MLB pitch clocks could wreak havoc on the lives of video replay officials

ST. PETERSBURG — Somewhere, a pitcher is muttering under his breath. A hitter is fidgeting in the batter’s box. A fan is grousing about the intrusion of a pitch clock on a game of timeless elegance.

To this, I say, pffffftttt!

You want real angst? Real pressure? Real job-changing significance due to baseball’s recent rule changes?

Talk to the nervous young man in the bowels of Tropicana Field. Randell Kanemaru was the Ivy League Player of the Year as an infielder at Columbia University in 2017, and he now works in the Rays’ advance scouting department. He is also the guy in charge of deciding which plays merit a video replay challenge.

That means his manager-is-waiting, umpire-is-staring, fan-is-fuming job is about to get even harder because the new pitch clock says he has only 15 seconds, and 24 video feeds, to decide whether a potentially game-changing play warrants a precious replay review.

“As a consumer watching the game, it might seem like a long time,” Kanemaru said. “But 15 seconds flies by when you’re in there because you’re looking at so much and you’ve got everyone waiting on you. I was super stressed out when I first started doing this.”

Life was less stressful for Randell Kanemaru back in his Ivy League days, before a pitch clock became an MLB reality.
Life was less stressful for Randell Kanemaru back in his Ivy League days, before a pitch clock became an MLB reality. [ GREGORY PAYAN | AP ]

Theoretically, the manager makes the final decision on whether a play is reviewed but realistically it’s in the hands of an anxious, faceless, low-in-the-power-structure employee in a video room. Kanemaru, who was in his first year on the job in 2022, estimates that Rays manager Kevin Cash followed his advice on 99 percent of the challenges last year.

Considering the potential implications of every challenge — it could be the difference between a run on the scoreboard if you’re correct, or the loss of your lone challenge if you’re wrong — it’s an enormous responsibility every inning of every game.

Which might explain why Cash felt the need to pull Kanemaru aside early last season and told him to relax.

“When you see how one call can impact a game, immediately your stress goes up,” Cash said. “He was fairly new at it, and you can talk through everything, but you can’t necessarily prepare for hearing, ‘You got another five seconds — make the call or not.’ That is very stressful. So I was more or less saying, ‘Hey, we trust you. We trust what your eyes are telling you. Just make the best decision you can. It’s not on you when a call doesn’t get overturned.’”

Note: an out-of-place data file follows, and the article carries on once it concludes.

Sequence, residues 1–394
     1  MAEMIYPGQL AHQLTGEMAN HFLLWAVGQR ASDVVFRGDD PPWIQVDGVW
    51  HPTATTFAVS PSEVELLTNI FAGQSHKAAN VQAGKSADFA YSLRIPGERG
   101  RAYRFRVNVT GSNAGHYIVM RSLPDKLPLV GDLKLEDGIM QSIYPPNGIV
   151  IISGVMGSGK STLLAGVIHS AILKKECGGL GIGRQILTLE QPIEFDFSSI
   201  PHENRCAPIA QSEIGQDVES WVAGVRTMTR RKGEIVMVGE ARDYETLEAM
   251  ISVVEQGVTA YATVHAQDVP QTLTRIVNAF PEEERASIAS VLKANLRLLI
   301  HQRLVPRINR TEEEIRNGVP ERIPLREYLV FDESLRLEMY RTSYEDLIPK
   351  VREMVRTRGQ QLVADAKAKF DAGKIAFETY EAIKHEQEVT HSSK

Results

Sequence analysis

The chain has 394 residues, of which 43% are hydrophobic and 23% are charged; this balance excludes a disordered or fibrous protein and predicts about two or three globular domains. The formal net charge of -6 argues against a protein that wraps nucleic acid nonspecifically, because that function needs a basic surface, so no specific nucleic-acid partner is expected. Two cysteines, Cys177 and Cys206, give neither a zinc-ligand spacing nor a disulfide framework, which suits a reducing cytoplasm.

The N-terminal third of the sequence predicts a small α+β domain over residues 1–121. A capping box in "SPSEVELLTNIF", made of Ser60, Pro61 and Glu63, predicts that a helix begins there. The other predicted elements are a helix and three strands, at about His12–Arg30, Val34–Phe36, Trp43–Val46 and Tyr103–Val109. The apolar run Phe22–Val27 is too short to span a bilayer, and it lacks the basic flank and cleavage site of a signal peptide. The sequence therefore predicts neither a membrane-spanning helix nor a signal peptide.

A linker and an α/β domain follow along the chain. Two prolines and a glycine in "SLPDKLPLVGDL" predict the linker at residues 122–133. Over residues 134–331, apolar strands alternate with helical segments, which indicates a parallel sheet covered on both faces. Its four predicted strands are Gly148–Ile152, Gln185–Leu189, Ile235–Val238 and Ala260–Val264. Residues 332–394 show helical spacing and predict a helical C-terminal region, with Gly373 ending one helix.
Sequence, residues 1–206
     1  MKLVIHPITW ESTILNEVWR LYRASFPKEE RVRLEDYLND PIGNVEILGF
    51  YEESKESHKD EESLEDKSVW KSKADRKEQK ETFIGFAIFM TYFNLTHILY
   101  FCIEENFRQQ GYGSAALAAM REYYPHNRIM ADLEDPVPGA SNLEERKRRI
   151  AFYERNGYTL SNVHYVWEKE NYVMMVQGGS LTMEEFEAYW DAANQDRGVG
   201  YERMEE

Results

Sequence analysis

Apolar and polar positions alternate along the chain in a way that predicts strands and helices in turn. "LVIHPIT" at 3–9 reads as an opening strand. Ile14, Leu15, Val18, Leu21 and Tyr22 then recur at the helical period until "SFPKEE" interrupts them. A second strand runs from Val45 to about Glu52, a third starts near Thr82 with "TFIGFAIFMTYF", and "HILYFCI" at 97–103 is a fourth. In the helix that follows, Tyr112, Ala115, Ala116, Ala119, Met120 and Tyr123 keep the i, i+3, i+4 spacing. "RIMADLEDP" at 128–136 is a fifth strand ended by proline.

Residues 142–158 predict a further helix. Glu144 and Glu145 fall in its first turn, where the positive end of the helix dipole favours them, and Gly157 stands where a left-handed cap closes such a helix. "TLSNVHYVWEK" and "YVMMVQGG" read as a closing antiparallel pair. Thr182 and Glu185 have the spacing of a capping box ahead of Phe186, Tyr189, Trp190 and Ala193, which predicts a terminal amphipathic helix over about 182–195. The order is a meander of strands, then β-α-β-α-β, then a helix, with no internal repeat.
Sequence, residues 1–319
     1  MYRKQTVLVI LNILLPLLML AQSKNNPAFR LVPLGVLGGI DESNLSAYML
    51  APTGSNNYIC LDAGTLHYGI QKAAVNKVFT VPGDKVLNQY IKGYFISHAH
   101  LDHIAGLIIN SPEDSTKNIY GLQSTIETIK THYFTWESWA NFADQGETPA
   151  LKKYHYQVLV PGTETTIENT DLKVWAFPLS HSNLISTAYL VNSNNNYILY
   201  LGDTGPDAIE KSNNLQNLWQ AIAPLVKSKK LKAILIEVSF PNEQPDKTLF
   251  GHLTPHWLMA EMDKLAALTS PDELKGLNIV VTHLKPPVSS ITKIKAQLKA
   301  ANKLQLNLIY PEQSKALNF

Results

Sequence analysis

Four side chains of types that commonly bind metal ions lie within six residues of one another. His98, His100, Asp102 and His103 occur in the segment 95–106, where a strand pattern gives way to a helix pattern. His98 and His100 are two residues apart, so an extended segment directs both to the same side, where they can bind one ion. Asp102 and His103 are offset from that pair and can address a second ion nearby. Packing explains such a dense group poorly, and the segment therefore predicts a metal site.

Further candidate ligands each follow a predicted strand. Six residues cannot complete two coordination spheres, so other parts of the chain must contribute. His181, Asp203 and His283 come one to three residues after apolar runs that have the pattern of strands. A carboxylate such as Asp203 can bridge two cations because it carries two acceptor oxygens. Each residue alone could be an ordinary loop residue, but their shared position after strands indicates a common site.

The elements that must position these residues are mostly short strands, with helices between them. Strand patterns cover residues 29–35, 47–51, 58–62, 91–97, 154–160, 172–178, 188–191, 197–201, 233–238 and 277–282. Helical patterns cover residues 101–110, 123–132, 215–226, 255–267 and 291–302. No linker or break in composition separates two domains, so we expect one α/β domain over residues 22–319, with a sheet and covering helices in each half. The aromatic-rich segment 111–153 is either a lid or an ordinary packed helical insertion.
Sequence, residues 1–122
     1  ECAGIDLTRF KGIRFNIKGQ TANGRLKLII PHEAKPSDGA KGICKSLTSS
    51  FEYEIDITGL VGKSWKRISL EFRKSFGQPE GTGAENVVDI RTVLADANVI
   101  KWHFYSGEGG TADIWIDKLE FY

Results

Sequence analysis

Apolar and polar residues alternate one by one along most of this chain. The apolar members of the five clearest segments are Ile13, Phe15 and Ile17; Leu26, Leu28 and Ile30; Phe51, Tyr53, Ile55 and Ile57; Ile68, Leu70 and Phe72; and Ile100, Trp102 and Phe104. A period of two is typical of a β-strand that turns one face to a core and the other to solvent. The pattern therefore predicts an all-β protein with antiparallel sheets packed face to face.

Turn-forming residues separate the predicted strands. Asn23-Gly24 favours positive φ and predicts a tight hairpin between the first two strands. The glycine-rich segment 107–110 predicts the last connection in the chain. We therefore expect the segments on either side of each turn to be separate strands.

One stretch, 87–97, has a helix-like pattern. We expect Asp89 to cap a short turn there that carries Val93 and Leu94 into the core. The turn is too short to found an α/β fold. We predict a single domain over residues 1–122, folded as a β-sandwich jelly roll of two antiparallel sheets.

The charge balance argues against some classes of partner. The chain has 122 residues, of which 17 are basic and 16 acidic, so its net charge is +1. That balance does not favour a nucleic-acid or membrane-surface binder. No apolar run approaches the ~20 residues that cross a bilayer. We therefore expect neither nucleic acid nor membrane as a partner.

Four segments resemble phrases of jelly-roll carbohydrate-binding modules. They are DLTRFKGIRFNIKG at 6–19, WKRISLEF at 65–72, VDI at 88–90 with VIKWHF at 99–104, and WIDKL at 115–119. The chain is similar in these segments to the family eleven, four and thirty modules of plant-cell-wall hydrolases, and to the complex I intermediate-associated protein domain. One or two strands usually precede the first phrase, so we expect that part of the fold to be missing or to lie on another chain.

It helped, Kanemaru said, that the Rays explained he was doing it wrong if he was correct 100 percent of the time. That meant he wasn’t pushing the envelope enough. It’s impossible to figure out every play in 15-20 seconds — especially when MLB officials in New York can take up to two minutes to review the play — so they want him to use his instincts in situations when he’s not completely certain.

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There’s also a sliding scale of importance. A play at first base with two outs and nobody on in the second inning is not likely to change the outcome of the game, so don’t risk it if you’re not convinced it will be overturned. By the same token, if it’s the sixth or seventh inning you might as well gamble on a review because you can’t bank challenges and the umpires control the reviews in the eighth and ninth innings.

Rays manager Kevin Cash looks on as players practice with a pitch clock during the early days of spring training.
Rays manager Kevin Cash looks on as players practice with a pitch clock during the early days of spring training. [ IVY CEBALLO | Times ]

“If I tell them to challenge in the second inning and, it turns out I’ve made a bad call, and then there’s a run-saving play we can’t challenge in the sixth inning? That’s my worst nightmare,” Kanemaru said. “There were times last year where I told them to challenge and after I hung up the phone, I realized I screwed up. It definitely gets to you. A night or two later, I’d still feel terrible.”

Other factors also influence decisions on a night-by-night basis. Different stadiums might have slightly different camera angles, or video rooms, that Kanemaru needs to adjust to. And while he has up to 24 feeds to monitor, only a half-dozen might have an angle on any particular play.

He has equipment that allows him to adjust the playback speed, but there’s only a handful of high-speed cameras in each park that can be slowed down to a frame-by-frame look. If one of those cameras does not have the right angle, then Kanemaru is essentially guessing.

And now he’ll only have 15 seconds if there are no runners on base. With runners on, he gets 20 seconds.

With baseball’s insistence on speeding up games in 2023, there will be no fudging either. Kanemaru was on a conference call Friday and MLB officials said umpires will strictly adhere to the pitch clock. Which means, realistically, he might have 12 seconds to make a decision, tell bench coach Rodney Linares on the phone, who will tell Cash, who will inform the umpire before the next pitch is thrown.

And now shift rules can potentially be challenged, which means watching every single play to make sure a shortstop or second baseman does not have a foot on the wrong side of the field.

“It’ll definitely be more stress, that’s for sure,” Kanemaru said. “An extra five seconds might not seem like much to you, but it’s going to make a massive difference to me.”

John Romano can be reached at jromano@tampabay.com. Follow @romano_tbtimes.

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